At first glance it may seem that there is very little going on in Little Germany. However there are several notable cafés and restaurants located in this quiet, mainly residential, area of Bradford. In the first of this two-part article the owners and managers behind some of these businesses discuss how they are meeting the challenges of operating in this quiet corner of the city…

Located a short walk from Bradford city centre and the new Broadway shopping centre, Little Germany is an architecturally significant area that was once at the heart of the international wool textile industry.

Enjoying its commercial heyday during the nineteenth century, the wool merchants have long since left and the 85 imposing Victorian buildings they vacated have been converted into flats and offices.

Aside from these beautiful buildings the most striking thing about Little Germany is the fact that it’s, well, quiet. (Very quiet, in fact).

For those of us who live here, this can be a blessing. However for the handful of restaurants and cafés operating in the area it presents a clear challenge.

Indeed See Hung Pang, manager of Bangkok Thai on East Parade, comments, “The location is challenging because we are slightly out of the town centre, hidden away if you like.”

Imran Ahmed, owner of Cona, an upscale restaurant next to Bangkok Thai on East Parade, agrees, “There’s without a shadow of a doubt a lack of footfall.”

Nik Dickens, manager of Guzelian Café Bar on Church Bank, even admits the location made him think hard about taking over the role in January of this year. He says, “I was slightly wary, having done a little ‘secret shopper’ type of thing of the establishment before starting and knowing that we had not a lot of footfall, but being aware that there were a lot of residents and offices in Little Germany, so we had a client base.” He adds that his reservations were short-lived and, within a month, “I knew what we could do with it and where we could be.”

Frank Simpson, co-owner of Café Patisserie at the edge of Little Germany on Barkerend Road, also admits that he gets “very few” walk-ins, but does enjoy lunchtime trade from nearby office workers.

Guzelian Cafe Bar

Guzelian Cafe Bar

However, while these businesses clearly appreciate the issue of low footfall, it’s interesting how each views the challenge.

Cona’s Imran Ahmed says that because the restaurant hardly gets any walk-ins, “We pride ourselves on being this destination restaurant, where people visit Little Germany especially to see us.”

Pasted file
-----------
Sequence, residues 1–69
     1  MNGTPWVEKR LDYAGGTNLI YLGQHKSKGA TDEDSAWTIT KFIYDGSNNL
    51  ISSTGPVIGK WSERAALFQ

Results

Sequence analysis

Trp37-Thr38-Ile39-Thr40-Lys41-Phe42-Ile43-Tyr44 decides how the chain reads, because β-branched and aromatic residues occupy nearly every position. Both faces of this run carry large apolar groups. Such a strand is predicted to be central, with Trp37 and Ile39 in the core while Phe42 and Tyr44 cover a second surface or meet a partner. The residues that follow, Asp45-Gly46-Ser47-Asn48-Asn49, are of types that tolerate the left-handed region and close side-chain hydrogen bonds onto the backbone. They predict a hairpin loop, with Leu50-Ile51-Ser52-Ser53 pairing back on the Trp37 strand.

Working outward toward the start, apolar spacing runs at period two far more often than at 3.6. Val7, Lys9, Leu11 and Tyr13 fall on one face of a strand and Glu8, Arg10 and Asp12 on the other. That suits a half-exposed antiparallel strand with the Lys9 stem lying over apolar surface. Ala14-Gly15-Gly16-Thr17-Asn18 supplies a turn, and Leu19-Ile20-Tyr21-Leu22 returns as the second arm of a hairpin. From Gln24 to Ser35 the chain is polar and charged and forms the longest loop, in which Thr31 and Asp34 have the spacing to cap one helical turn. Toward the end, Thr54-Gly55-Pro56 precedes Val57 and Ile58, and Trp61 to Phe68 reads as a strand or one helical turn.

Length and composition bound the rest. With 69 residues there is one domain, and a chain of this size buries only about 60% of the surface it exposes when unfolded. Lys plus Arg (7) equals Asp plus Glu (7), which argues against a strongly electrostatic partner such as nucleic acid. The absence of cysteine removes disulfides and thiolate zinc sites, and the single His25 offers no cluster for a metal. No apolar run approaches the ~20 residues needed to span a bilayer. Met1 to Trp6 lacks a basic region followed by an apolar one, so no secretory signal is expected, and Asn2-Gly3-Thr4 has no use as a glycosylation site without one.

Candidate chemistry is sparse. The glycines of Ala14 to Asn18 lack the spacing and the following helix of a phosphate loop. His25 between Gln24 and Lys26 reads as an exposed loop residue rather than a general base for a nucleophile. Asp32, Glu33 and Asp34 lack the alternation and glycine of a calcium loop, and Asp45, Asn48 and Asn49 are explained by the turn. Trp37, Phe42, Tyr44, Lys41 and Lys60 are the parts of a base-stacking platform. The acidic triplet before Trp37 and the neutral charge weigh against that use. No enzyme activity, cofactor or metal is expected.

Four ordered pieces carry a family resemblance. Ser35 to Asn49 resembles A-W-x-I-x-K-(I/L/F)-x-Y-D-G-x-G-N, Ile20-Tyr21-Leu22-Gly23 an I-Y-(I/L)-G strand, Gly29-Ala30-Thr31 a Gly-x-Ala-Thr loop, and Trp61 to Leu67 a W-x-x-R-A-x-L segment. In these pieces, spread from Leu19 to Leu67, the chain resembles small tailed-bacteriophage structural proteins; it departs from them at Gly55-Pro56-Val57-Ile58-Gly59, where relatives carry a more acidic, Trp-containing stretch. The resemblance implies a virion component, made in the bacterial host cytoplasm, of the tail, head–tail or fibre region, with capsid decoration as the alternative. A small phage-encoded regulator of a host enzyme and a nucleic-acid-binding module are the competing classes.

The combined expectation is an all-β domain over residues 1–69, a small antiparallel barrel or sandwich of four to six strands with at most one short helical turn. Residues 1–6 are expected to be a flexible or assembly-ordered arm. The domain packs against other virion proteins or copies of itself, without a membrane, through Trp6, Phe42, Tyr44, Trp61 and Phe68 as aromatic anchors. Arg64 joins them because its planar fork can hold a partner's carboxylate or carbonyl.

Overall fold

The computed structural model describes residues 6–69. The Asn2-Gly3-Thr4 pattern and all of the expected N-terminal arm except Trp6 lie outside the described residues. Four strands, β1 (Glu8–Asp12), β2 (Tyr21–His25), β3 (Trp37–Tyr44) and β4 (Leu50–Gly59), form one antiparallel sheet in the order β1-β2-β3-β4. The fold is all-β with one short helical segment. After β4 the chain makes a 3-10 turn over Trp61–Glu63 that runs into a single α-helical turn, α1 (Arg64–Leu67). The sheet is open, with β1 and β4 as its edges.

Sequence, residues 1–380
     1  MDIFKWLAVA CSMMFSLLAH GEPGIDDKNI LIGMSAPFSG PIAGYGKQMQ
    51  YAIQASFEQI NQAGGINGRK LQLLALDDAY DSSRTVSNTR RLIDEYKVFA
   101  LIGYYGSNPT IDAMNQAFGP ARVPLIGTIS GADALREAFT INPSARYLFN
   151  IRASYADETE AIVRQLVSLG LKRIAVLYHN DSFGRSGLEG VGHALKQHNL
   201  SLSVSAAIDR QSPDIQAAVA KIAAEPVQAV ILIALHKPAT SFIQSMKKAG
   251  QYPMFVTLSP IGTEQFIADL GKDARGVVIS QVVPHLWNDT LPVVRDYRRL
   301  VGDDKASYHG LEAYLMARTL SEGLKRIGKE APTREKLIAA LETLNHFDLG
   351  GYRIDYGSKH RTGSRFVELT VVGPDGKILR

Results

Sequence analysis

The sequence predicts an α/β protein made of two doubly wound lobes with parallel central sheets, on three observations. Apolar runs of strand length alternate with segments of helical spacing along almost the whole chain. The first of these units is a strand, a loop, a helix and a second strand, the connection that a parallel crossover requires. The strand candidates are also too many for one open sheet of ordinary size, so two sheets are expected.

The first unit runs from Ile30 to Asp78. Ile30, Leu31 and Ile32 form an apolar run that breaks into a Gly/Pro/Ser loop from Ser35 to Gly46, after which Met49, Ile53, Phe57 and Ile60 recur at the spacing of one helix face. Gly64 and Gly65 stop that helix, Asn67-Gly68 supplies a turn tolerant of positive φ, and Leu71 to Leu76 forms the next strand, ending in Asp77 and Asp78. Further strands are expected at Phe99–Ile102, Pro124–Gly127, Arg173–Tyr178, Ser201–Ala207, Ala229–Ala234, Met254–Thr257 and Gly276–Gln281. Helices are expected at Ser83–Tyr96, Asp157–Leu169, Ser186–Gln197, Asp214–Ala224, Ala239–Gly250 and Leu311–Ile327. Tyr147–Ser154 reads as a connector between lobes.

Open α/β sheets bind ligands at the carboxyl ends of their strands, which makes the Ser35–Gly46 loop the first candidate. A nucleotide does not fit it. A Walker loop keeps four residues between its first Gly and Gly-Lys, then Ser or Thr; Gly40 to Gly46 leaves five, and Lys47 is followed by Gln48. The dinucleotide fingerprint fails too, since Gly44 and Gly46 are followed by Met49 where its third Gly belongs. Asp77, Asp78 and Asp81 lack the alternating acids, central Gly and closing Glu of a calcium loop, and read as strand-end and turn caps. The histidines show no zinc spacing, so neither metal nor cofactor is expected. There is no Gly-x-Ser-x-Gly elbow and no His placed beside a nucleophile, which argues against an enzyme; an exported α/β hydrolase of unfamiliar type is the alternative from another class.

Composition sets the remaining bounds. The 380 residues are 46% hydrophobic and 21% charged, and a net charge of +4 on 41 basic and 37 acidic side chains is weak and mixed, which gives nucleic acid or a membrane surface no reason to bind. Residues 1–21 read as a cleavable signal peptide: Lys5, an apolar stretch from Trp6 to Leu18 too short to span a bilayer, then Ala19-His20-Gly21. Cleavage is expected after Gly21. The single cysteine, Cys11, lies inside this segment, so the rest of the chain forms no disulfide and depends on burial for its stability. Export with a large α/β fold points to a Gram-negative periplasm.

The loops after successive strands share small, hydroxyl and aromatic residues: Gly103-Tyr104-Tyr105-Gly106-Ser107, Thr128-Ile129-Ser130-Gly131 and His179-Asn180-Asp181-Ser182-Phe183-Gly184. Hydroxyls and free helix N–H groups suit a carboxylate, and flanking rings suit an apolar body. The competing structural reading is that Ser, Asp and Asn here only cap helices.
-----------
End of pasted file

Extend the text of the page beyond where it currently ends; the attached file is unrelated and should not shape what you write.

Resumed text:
It’s a strategy that is clearly paying off. He continues, “A majority of our business comes from outside of Bradford. Areas like Manchester, London, Leicester and Birmingham make up a large percentage. We regularly have at least 20 to 30 tables a week from London and Birmingham. Some of these guests book a hotel locally, stay over, and have dinner with us.”

Similarly Guzelian’s Nik Dickens says, “I’d like people to come because they’ve found us and we’re a destination for the night.”

Café Patisserie is in a slightly different position because of its location on a main road and the fact that, prior to moving to its present location, the café/restaurant successfully operated from premises less than half a mile away on Otley Road for six years.

Cafe Patisserie2

Cafe Patisserie

Frank Simpson says, “We did a survey of our customers in our old place because I was a bit nervous about moving down here. It turned out that 90% of our customers came by car. We’ve got a car park round the back and we don’t really have a problem with low footfall.”

Without high levels of passing trade I wondered how big a role word-of-mouth plays for Little Germany’s cafés and restaurants, and how they utilise social media to their advantage.

Cona’s Imran Ahmed says word-of-mouth plays a “massive part”, and the business also has a significant presence social media. “We do everything – Facebook, Twitter, Instagram, even LinkedIn. We like to post at least every day, if not twice. The reason we’re quite active is because we run a seasonal menu. Everything’s fresh, everything’s sourced to particular dishes, so we start afresh every day.”

Likewise Guzelian’s Nik Dickens has fully embraced the power of social media. “I would say that everything we do at the minute is through social media. Twitter just seems to be a beast in Bradford. It really, really works for small businesses. We’ve also got a new website, which enables me to do promotional offers. But Twitter and Facebook are our main marketing tools.”